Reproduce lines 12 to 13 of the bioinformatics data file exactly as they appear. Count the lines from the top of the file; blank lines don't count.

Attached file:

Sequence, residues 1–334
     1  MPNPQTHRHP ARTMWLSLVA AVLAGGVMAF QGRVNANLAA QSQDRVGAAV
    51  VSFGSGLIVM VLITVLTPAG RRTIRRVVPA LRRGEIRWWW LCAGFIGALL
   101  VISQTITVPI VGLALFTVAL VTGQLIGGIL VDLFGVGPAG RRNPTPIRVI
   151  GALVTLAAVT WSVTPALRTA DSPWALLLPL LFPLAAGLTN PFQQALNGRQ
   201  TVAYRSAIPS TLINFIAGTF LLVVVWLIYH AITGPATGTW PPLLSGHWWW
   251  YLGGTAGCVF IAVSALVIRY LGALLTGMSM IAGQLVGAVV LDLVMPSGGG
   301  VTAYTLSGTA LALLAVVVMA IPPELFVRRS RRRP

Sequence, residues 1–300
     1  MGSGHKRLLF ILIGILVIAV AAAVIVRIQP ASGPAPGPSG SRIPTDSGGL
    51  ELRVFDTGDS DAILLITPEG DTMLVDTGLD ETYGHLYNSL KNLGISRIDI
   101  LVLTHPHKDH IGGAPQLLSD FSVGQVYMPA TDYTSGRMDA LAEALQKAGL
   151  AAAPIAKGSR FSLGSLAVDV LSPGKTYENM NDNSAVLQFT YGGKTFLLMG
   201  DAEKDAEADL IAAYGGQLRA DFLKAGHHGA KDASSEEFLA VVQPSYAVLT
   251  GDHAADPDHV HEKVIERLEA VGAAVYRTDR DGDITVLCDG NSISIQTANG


   101  LVLTHPHKDH IGGAPQLLSD FSVGQVYMPA TDYTSGRMDA LAEALQKAGL
   151  AAAPIAKGSR FSLGSLAVDV LSPGKTYENM NDNSAVLQFT YGGKTFLLMG